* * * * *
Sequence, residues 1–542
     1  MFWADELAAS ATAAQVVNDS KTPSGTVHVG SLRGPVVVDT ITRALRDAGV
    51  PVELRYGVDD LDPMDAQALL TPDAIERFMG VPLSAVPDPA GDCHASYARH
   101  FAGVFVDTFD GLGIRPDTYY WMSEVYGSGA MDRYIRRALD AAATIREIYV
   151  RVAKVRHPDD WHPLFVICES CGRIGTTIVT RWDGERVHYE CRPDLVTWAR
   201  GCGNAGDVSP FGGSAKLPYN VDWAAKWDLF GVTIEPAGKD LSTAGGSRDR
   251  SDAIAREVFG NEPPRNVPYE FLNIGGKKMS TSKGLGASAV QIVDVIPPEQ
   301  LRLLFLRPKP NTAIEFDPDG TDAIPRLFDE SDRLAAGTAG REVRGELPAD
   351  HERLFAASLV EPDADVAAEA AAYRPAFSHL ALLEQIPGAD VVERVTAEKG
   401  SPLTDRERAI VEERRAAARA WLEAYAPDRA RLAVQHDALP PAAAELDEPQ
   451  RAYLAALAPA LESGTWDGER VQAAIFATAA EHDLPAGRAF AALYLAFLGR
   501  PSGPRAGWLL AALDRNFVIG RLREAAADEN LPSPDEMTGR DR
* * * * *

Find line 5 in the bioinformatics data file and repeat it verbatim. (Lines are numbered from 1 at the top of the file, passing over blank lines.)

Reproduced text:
   151  RVAKVRHPDD WHPLFVICES CGRIGTTIVT RWDGERVHYE CRPDLVTWAR